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01.03.2012 | Original Article | Ausgabe 2/2012

Heart and Vessels 2/2012

Obstructive sleep apnea as a potential risk factor for aortic disease

Heart and Vessels > Ausgabe 2/2012
Hirokazu Saruhara, Yoshifumi Takata, Yasuhiro Usui, Kazuki Shiina, Yuki Hashimura, Kota Kato, Kihiro Asano, Satoshi Kawaguchi, Yukio Obitsu, Hiroshi Shigematsu, Akira Yamashina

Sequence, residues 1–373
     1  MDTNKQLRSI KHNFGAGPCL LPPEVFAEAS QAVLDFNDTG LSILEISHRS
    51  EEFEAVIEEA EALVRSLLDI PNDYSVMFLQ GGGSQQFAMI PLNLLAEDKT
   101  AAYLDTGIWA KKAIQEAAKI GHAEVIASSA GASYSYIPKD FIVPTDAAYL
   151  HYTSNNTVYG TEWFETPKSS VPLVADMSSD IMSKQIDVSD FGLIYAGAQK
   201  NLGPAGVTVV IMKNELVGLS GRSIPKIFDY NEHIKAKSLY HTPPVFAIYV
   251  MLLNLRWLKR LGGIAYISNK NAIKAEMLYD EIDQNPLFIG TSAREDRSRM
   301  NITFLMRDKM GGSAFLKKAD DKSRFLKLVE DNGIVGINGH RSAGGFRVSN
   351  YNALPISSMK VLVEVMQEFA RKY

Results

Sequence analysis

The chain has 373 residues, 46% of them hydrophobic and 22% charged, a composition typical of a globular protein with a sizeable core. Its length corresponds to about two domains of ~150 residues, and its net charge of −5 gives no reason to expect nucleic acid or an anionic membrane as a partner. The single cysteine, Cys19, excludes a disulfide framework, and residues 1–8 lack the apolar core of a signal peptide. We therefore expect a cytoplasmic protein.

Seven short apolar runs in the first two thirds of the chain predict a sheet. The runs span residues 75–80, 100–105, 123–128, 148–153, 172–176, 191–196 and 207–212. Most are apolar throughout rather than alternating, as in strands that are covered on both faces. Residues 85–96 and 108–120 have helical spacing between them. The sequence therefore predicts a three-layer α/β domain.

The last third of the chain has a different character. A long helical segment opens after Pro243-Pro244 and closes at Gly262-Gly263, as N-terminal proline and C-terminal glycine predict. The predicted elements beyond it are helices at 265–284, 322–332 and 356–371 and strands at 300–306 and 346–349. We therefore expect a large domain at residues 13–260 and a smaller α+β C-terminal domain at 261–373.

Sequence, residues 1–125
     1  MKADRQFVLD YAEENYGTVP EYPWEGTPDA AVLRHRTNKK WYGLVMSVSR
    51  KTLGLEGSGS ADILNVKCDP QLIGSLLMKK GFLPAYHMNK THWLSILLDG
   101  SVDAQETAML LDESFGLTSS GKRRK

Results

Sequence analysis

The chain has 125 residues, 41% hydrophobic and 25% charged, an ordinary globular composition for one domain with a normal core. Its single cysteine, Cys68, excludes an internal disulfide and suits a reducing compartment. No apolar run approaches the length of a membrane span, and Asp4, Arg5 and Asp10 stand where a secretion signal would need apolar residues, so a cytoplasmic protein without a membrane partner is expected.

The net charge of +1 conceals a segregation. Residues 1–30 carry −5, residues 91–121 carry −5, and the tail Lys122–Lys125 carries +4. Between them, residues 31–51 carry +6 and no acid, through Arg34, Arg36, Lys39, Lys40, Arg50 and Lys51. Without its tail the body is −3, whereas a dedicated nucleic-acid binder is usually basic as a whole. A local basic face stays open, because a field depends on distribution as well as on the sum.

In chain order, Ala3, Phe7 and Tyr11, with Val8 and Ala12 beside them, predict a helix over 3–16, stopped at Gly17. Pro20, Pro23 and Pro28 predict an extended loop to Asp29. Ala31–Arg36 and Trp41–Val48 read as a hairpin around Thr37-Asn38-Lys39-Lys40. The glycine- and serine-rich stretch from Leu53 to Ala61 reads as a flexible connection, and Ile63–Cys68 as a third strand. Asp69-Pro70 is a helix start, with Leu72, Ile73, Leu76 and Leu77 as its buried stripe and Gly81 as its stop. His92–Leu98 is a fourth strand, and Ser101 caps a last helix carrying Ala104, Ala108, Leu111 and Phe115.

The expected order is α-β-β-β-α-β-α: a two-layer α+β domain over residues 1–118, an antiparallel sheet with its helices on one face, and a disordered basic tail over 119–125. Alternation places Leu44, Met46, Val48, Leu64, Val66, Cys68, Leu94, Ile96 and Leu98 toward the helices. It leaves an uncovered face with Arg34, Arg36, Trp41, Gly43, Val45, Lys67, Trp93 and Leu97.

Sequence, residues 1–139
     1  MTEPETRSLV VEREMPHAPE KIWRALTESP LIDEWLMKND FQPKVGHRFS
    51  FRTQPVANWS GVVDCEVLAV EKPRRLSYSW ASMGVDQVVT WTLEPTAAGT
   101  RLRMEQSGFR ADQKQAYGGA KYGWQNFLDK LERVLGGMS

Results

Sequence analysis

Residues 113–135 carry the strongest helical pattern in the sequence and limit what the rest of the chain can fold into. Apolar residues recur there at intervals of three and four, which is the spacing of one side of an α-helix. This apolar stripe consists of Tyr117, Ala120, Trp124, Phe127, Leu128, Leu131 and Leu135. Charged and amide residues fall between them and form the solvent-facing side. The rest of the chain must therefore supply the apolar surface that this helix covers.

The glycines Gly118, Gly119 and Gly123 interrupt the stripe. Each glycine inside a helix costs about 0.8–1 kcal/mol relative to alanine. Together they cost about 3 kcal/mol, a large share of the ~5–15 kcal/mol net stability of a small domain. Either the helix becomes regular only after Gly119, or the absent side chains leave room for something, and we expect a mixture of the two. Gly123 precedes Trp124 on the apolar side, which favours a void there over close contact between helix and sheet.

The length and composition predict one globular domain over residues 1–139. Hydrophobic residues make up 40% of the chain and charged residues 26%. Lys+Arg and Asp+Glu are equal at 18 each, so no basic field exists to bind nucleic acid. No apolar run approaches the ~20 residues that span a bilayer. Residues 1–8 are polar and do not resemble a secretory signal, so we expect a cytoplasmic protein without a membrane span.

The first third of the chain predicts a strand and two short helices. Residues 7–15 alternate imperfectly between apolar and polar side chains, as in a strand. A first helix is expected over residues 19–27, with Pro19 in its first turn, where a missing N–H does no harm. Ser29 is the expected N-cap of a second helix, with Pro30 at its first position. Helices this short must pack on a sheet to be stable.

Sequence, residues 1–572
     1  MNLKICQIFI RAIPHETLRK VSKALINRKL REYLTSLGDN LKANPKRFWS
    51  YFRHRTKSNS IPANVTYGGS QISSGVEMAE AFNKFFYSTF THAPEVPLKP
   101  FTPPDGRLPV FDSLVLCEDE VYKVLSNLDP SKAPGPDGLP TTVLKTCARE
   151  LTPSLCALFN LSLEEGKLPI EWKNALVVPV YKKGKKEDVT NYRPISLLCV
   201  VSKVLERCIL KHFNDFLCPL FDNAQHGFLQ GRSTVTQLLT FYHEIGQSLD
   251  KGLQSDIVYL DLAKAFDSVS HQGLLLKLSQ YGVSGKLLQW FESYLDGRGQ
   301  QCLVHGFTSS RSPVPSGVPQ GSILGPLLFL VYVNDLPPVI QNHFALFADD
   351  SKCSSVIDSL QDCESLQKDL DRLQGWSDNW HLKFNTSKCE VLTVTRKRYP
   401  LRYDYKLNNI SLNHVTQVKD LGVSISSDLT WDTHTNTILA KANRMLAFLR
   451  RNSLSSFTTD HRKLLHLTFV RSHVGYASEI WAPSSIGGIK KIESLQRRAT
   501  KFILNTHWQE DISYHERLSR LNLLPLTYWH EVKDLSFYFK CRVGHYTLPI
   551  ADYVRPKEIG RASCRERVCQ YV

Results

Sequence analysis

Obstructive sleep apnea (OSA) is not only a cause of hypertension; it also possibly affects the pathogenesis and progression of aortic disease because an inspiratory effort-induced increase in negative intrathoracic pressure generates mechanical stress on the aortic wall. The objective of the present study was to examine the incidence by location of OSA as a complication in patients with aortic aneurysm and patients with aortic dissection (AD). An overnight sleep study was conducted in the following study groups: the aortic disease group (n = 95) consisting of patients with thoracic aortic aneurysm (TAA, n = 32), patients with abdominal aortic aneurysm (AAA, n = 36), and patients with AD (n = 27); and a control group (n = 32), consisting of patients with coronary risk factors who were matched with the aortic disease group for age, gender, and body mass index (BMI). The 3% oxygen desaturation index (ODI) was significantly higher in all the TAA, AAA, and AD groups (P = 0.045, P = 0.003, and P = 0.005, respectively) than in the control group. The incidence of moderate to severe OSA [apnea hypopnea index (AHI) ≥15 events/h] was significantly higher in the first three groups (P = 0.026, P = 0.001, P = 0.003, respectively) than in the control group, while no significant difference was found between the TAA group and the AAA group with respect to these variables. Furthermore, no significant differences were found between the thoracic AD subgroup and the abdominal AD subgroup with respect to AHI and 3% ODI, as well as with respect to the incidences of moderate to severe OSA. Patients with TAA, patients with AAA, and patients with AD showed high incidences of moderate to severe OSA. Although this result suggests that OSA may be one of risks for aortic disease, unelucidated mechanism(s) other than negative intrathoracic pressure may be involved in the pathogenesis of aortic disease.

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